An idle brain may be the self's workshop
As neuroscientists study the idle brain, some believe they are exploring a central mystery in human psychology: where and how our concept of "self" is created, maintained, altered and renewed. After all, though our minds may wander when in this mode, they rarely wander far from ourselves, as Mrazek's mealtime introspection makes plain. [Los Angeles Times, 8/30/10]

Determining 500th Alien Planet Will Be a Tricky Task
At NASA's last count, astronomers had confirmed the discovery of 494 planets around alien suns. There are signs of dozens more, if not hundreds, but it will take time to weed out which of the detections are actual worlds and which are merely false alarms. [, 11/11/10]

Tracking Viruses Back in Time
How long have viruses been around? No one knows. Scientists at Portland State University have begun taking the first steps toward answering this question. [Astrobiology, 9/6/10]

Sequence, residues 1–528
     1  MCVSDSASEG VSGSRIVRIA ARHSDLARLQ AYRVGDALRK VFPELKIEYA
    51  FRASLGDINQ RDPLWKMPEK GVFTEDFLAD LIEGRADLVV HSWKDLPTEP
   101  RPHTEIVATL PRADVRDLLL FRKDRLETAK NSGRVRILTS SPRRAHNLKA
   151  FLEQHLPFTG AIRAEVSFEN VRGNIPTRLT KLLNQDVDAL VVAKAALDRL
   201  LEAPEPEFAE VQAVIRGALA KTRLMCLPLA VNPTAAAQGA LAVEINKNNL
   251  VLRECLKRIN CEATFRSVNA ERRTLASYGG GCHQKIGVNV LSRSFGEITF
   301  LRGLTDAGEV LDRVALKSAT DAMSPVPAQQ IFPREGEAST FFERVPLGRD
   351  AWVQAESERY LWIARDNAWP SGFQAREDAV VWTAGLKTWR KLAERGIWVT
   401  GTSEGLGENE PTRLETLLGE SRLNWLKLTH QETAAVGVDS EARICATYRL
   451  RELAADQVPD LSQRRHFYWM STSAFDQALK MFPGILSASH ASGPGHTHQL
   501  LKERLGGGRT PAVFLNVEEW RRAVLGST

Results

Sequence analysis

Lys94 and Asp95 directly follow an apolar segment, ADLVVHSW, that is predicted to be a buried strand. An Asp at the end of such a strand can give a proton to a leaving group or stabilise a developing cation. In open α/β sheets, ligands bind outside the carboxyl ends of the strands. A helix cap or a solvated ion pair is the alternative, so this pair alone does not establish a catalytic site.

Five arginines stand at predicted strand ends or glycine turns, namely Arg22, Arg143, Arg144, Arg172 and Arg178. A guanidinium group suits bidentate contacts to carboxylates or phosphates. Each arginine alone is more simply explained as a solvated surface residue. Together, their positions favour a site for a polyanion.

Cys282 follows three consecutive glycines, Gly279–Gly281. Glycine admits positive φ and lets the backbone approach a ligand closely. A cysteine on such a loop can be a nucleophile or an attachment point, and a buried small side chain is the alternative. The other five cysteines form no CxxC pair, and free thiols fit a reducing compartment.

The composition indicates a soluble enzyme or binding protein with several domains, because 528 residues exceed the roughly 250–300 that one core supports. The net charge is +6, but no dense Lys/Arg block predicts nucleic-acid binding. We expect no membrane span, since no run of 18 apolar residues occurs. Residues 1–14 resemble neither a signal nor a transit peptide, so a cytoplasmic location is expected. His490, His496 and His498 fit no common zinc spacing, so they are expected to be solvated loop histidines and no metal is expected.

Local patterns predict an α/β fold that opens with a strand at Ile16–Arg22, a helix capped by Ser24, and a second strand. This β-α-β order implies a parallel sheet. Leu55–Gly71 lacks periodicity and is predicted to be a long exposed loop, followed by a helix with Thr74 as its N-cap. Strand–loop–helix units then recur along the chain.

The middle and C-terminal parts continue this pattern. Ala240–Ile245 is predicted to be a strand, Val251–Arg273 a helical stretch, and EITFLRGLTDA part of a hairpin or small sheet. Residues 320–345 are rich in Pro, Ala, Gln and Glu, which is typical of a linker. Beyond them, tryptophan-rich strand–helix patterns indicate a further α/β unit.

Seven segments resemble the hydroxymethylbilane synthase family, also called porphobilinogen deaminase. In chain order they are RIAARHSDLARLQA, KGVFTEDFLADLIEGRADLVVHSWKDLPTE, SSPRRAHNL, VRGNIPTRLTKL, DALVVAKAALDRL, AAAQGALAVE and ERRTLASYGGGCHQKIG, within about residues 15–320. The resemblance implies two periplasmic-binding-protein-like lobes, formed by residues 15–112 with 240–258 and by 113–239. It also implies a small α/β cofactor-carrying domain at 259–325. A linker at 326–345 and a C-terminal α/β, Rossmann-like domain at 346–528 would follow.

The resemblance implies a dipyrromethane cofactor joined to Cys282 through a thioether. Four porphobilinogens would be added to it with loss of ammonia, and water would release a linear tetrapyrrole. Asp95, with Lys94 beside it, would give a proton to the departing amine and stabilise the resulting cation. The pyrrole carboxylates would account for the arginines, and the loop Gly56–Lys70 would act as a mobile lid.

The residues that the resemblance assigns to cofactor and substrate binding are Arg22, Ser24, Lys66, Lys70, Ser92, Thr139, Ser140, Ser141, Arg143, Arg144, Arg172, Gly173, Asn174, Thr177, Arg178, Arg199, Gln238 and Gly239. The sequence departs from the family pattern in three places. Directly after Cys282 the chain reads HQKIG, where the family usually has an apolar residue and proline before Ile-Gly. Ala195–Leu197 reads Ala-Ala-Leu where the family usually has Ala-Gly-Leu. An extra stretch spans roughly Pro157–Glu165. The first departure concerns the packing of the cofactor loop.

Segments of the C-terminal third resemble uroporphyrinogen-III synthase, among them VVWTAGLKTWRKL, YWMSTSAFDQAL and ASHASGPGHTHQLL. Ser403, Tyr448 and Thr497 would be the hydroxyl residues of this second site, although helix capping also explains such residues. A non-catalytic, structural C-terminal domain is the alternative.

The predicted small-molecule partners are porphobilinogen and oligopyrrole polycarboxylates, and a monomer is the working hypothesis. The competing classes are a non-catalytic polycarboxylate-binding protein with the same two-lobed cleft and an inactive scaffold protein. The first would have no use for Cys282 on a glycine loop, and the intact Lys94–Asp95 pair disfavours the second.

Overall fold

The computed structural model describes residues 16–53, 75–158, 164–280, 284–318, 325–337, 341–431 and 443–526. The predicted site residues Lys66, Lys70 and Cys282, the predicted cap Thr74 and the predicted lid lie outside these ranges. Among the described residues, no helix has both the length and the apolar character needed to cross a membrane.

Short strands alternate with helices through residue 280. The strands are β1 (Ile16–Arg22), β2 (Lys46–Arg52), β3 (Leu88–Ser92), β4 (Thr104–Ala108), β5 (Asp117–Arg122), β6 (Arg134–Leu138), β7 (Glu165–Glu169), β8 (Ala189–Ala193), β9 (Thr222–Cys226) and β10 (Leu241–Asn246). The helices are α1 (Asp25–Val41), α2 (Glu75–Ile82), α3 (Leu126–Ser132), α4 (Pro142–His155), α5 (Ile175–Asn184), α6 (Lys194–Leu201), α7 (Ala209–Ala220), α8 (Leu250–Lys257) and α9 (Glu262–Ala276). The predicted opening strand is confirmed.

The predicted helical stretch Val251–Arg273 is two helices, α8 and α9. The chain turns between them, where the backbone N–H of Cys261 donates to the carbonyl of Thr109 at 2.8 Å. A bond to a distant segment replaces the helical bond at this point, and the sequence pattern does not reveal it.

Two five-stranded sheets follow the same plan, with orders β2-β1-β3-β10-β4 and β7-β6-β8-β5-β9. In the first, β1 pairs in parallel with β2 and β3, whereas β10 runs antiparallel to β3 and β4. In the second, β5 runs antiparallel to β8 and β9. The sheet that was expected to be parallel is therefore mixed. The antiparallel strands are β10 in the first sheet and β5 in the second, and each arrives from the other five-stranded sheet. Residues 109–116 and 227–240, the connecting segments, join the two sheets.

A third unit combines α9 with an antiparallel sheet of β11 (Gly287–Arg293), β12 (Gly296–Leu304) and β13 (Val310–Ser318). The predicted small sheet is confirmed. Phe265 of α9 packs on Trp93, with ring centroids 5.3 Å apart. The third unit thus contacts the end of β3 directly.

Can a 1960s Approach Unify Gravity with the Rest of Physics?
In July mathematicians and physicists met at the Banff International Research Station in Alberta, Canada, to discuss a return to the golden age of particle physics. They were harking back to the 1960s, when physicist Murray Gell-Mann realized that elementary particles could be grouped according to their masses, charges and other properties, falling into patterns that matched complex symmetrical mathematical structures known as Lie groups. [Scientific American, 9/7/10]

Neuroscience: Settling the great glia debate